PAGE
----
The Problem with the ‘Me Too’ Campaign

Naomi Schaefer Riley | October 18, 2017

The Problem with the ‘Me Too’ Campaign

“Me too.” If your social media feeds have been filled with your friends writing this phrase, you may be wondering exactly what’s going on. You can blame Alyssa Milano. On Sunday the actress tweeted: “Suggested by a friend: If all the women who have been sexually harassed or assaulted wrote ‘Me too’ as a status, we might give people a sense of the magnitude of the problem.”

Now all she needs to do is send out another tweet explaining exactly which problem we’re trying to measure. Because here’s the thing, folks: sexual harassment and sexual assault are very different things. And just because Harvey Weinstein committed both, that doesn’t mean they are any closer together in terms of their seriousness. The idea that we are going to simply place in the same category forcible rape and some guy whistling at you as you walk down the street is one reason that reasonable people question the whole “war on women” narrative.

This is not the first time that these two problems have been elided, but it usually happens on college campuses. A couple of years ago, Harvard tried to conduct a survey to measure the problem of sexual assault on campus. It asked: “Since you have been a student at Harvard University has a student or someone employed by or otherwise associated with Harvard . . . continued to ask you to go out, get dinner, have drinks or have sex even though you said no?” If so, you may be a victim of sexual misconduct or sexual assault or sexual harassment, but the survey never quite specifies which is which.

Indeed, the idea seems to be to purposely muddy the waters. The survey authors explain: “Sexual assault and sexual misconduct refer to a range of behaviors that are nonconsensual or unwanted. These behaviors could include remarks about physical appearance or persistent sexual advances. These could also include threats of force to get someone to engage in sexual behavior such as nonconsensual or unwanted touching, sexual penetration, oral sex, anal sex or attempts to engage in these behaviors.”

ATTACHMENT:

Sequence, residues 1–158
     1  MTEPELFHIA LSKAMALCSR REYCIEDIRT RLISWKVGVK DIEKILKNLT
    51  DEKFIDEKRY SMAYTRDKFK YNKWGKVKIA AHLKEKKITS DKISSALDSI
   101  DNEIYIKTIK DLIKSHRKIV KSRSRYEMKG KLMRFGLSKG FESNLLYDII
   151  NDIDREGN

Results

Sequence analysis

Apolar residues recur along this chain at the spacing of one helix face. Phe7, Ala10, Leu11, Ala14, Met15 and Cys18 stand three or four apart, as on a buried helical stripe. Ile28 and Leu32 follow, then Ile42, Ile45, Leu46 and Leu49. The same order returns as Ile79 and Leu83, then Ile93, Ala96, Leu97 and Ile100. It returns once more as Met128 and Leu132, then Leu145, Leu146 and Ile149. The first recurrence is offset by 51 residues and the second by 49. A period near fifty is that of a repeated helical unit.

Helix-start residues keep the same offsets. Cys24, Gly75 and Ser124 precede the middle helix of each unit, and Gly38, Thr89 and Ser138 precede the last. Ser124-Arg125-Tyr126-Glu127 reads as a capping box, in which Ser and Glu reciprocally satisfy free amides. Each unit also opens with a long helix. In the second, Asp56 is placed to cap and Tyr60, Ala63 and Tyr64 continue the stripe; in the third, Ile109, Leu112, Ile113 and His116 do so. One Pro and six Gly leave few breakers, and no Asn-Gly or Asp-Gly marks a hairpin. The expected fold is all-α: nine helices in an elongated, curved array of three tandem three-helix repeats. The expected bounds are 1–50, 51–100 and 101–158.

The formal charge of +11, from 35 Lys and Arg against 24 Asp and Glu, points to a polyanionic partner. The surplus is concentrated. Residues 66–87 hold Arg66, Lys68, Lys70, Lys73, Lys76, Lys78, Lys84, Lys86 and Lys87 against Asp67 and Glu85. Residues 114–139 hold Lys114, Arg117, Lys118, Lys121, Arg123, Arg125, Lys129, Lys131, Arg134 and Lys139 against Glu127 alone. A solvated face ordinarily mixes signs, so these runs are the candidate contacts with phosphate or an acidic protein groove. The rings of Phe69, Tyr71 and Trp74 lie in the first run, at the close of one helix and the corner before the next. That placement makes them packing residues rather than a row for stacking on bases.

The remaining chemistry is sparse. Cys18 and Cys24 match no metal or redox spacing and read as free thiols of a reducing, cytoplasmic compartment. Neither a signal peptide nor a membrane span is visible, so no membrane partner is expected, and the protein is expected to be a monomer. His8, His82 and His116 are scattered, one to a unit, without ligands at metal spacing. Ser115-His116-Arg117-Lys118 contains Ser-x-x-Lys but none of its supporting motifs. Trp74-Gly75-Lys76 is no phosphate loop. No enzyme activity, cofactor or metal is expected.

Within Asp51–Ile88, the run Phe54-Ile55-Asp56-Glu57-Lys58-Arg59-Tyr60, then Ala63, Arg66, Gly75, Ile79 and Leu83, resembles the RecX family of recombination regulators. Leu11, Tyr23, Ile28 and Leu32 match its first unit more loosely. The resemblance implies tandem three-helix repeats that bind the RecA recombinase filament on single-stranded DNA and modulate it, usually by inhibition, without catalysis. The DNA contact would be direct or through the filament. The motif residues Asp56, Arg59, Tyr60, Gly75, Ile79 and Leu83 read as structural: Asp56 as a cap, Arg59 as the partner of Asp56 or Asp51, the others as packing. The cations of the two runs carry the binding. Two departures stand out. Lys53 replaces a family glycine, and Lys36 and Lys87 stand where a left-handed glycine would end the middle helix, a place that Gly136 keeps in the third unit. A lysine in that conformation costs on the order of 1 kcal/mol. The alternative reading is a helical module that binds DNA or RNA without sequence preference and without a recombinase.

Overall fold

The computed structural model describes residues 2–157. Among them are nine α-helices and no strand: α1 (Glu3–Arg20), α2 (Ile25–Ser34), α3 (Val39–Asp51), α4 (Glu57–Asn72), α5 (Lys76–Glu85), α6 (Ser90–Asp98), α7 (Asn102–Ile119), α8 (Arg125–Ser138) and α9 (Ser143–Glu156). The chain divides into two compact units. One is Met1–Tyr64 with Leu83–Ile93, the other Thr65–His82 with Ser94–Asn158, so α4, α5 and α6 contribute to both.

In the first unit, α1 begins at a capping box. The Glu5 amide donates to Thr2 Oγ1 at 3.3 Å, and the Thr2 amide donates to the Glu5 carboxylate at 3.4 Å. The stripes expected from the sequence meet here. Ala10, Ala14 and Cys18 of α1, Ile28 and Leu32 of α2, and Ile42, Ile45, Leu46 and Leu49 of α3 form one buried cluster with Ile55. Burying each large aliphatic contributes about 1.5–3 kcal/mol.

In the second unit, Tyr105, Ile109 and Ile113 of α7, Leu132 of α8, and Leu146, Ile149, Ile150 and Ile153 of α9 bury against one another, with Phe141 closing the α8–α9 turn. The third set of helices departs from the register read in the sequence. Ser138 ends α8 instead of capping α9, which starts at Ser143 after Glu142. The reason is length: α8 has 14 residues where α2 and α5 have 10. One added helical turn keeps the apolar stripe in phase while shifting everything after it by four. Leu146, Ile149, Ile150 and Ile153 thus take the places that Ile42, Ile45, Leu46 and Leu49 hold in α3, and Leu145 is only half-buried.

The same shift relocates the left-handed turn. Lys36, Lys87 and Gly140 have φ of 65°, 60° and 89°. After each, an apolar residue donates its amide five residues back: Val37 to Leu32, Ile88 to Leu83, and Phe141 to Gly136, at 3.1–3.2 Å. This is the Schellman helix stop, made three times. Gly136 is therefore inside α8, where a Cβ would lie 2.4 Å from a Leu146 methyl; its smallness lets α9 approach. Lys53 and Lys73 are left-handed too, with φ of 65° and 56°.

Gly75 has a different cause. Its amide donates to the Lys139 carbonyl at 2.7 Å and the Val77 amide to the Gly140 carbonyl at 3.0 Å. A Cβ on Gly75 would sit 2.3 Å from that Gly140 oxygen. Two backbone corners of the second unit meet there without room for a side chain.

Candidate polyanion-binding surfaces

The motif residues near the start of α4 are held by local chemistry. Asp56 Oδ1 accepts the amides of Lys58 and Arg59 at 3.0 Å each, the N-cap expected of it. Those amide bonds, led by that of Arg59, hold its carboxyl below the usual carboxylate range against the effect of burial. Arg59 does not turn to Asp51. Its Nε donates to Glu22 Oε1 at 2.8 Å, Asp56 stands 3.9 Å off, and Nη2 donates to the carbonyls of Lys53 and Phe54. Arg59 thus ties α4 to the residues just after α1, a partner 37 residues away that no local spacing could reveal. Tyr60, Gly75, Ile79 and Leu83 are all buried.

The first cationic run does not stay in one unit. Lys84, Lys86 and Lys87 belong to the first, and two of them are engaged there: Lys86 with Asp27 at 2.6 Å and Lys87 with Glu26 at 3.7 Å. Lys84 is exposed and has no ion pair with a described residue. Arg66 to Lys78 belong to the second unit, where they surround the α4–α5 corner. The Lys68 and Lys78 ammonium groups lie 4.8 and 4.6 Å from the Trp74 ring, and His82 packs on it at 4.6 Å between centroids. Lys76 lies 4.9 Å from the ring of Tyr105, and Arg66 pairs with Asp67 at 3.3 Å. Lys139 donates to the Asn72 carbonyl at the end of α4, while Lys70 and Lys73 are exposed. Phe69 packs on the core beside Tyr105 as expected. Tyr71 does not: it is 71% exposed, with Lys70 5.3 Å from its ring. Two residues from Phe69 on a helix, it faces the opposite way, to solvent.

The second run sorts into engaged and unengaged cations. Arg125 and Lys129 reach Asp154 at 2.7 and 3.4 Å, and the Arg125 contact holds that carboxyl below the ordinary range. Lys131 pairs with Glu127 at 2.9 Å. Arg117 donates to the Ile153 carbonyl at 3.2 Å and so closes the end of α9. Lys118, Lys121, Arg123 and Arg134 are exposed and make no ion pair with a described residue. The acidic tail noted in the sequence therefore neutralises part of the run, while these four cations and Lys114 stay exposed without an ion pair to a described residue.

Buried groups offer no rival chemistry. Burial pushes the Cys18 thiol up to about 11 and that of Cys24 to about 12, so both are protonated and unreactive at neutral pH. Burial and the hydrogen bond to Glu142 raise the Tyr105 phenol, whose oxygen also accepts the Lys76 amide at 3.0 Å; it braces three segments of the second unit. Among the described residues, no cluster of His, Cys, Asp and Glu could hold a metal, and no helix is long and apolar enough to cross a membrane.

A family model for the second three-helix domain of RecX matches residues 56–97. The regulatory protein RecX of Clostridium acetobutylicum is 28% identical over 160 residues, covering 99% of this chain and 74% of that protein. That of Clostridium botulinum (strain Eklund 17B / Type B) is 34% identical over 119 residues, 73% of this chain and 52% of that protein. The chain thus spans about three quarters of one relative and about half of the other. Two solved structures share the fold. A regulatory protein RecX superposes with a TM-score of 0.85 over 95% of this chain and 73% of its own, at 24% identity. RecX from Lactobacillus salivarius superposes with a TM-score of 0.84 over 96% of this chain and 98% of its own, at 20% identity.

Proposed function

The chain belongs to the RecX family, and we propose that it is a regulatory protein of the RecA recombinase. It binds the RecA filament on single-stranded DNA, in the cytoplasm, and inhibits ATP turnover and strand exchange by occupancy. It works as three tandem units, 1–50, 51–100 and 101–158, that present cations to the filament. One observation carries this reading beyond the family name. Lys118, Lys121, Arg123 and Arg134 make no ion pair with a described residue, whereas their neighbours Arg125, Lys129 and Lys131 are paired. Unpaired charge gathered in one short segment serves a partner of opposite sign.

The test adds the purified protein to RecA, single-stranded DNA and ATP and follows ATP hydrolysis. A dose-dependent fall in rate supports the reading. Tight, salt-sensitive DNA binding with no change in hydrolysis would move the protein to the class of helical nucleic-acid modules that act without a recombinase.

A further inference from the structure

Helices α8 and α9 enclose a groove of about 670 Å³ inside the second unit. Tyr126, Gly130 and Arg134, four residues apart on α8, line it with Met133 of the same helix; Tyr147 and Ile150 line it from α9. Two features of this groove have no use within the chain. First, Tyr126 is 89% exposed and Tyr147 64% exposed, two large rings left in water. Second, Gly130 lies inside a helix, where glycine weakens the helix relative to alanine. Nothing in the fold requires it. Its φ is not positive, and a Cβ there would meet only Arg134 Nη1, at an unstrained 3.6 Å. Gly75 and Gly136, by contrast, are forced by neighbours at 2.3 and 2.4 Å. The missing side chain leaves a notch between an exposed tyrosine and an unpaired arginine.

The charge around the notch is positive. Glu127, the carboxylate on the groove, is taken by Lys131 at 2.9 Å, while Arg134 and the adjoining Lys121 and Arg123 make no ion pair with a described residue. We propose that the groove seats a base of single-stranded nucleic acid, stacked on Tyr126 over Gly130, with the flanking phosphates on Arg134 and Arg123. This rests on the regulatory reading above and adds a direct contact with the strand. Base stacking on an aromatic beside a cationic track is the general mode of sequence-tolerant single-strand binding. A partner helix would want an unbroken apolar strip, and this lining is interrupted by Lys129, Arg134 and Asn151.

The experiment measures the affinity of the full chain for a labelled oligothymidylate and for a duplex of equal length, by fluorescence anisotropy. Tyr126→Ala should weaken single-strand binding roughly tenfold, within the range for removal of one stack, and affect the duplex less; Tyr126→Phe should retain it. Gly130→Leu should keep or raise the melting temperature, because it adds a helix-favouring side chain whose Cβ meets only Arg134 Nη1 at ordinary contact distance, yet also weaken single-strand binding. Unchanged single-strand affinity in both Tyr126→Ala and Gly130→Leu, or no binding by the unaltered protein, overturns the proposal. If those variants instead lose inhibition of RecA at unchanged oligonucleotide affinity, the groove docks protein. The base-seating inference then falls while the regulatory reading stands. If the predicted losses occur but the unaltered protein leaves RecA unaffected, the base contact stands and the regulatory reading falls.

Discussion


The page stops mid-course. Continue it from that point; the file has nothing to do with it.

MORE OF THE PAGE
Just to be clear, there are legal definitions of these terms. Sexual assault refers to one range of behaviors, which involve unwanted physical contact. Sexual harassment refers to a different range of behaviors, which generally involve verbal contact and can involve threats of retaliation (in a workplace) if a subject does not respond kindly. One does not want to be the victim of either, but maybe we could restrict the use of the term sexual assault to a specific category of awfulness.

It might also be useful to think about how there are different ways to prevent these behaviors. When it comes to sexual harassment, there are things that we can do to change behavior and attitudes in the workplace. (And I remain convinced that Hollywood and Silicon Valley are the exceptions, not the rules.)

As actress Mayim Bialik wrote in a controversial New York Times op-ed, it does matter how you dress and the attitude that you convey. Some of my most intimidating bosses have been women and frankly I would be shocked if I saw them writing “me too” on their pages. They never discussed their personal lives in the workplace and a few even advertised their gun ownership.

These women are polite, but they don’t giggle and they definitely never flirt. In addition to perfecting their “RBF” there are other things women can do to tamp down workplace harassment. In Bialik’s case, her parents never let her out of their sight when she was a teenager on the set of Blossom.

Sexual assault, though, is a much more brazen and legally consequential act. Men who forcibly rape women are not going to be stopped with dirty looks or shame. There are things women can do to prevent themselves from being the victim—avoid being in a hotel with these men alone, for instance—but the likelihood is that someone else will be.

All of which is to say: If you’re going to write “me too,” could you please be a little more specific about what behavior you’re protesting?

This article has been republished with permission from Acculturated.